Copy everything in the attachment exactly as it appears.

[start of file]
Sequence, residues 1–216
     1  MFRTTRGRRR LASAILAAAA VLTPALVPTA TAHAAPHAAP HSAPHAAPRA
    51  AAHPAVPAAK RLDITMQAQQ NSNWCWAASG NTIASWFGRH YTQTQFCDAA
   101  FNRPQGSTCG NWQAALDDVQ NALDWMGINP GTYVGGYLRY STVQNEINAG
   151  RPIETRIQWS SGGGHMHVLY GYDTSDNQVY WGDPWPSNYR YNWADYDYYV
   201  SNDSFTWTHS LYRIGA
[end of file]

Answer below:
Sequence, residues 1–216
     1  MFRTTRGRRR LASAILAAAA VLTPALVPTA TAHAAPHAAP HSAPHAAPRA
    51  AAHPAVPAAK RLDITMQAQQ NSNWCWAASG NTIASWFGRH YTQTQFCDAA
   101  FNRPQGSTCG NWQAALDDVQ NALDWMGINP GTYVGGYLRY STVQNEINAG
   151  RPIETRIQWS SGGGHMHVLY GYDTSDNQVY WGDPWPSNYR YNWADYDYYV
   201  SNDSFTWTHS LYRIGA